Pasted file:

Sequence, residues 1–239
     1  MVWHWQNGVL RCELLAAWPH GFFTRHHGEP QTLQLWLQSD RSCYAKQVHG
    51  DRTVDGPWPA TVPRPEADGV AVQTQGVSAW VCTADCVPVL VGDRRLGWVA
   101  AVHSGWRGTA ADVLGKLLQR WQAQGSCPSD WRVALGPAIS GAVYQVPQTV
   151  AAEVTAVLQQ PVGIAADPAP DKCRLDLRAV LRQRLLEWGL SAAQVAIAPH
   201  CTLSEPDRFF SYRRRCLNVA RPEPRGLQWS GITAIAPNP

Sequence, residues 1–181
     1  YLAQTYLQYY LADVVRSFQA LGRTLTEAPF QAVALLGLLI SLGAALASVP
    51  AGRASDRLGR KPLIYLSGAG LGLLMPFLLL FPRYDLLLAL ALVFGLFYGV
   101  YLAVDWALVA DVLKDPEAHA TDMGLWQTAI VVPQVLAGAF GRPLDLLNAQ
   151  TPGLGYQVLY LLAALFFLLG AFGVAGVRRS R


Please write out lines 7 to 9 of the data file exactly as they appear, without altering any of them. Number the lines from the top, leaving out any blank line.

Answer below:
Sequence, residues 1–181
     1  YLAQTYLQYY LADVVRSFQA LGRTLTEAPF QAVALLGLLI SLGAALASVP
    51  AGRASDRLGR KPLIYLSGAG LGLLMPFLLL FPRYDLLLAL ALVFGLFYGV